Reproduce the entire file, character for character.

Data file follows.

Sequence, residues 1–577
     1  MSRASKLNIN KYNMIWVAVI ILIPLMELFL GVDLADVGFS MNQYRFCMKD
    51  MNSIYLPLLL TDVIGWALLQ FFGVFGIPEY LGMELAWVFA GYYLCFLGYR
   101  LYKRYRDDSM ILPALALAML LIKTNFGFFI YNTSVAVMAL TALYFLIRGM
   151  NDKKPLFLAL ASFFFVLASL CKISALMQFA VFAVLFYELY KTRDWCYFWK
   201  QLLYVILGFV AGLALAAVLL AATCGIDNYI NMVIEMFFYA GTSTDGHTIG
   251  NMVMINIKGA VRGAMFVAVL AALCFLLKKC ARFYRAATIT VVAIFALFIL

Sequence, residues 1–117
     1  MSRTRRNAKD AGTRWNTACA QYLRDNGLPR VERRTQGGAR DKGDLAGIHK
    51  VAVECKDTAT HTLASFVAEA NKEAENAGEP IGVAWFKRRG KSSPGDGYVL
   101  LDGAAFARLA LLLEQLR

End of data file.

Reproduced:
Sequence, residues 1–577
     1  MSRASKLNIN KYNMIWVAVI ILIPLMELFL GVDLADVGFS MNQYRFCMKD
    51  MNSIYLPLLL TDVIGWALLQ FFGVFGIPEY LGMELAWVFA GYYLCFLGYR
   101  LYKRYRDDSM ILPALALAML LIKTNFGFFI YNTSVAVMAL TALYFLIRGM
   151  NDKKPLFLAL ASFFFVLASL CKISALMQFA VFAVLFYELY KTRDWCYFWK
   201  QLLYVILGFV AGLALAAVLL AATCGIDNYI NMVIEMFFYA GTSTDGHTIG
   251  NMVMINIKGA VRGAMFVAVL AALCFLLKKC ARFYRAATIT VVAIFALFIL

Sequence, residues 1–117
     1  MSRTRRNAKD AGTRWNTACA QYLRDNGLPR VERRTQGGAR DKGDLAGIHK
    51  VAVECKDTAT HTLASFVAEA NKEAENAGEP IGVAWFKRRG KSSPGDGYVL
   101  LDGAAFARLA LLLEQLR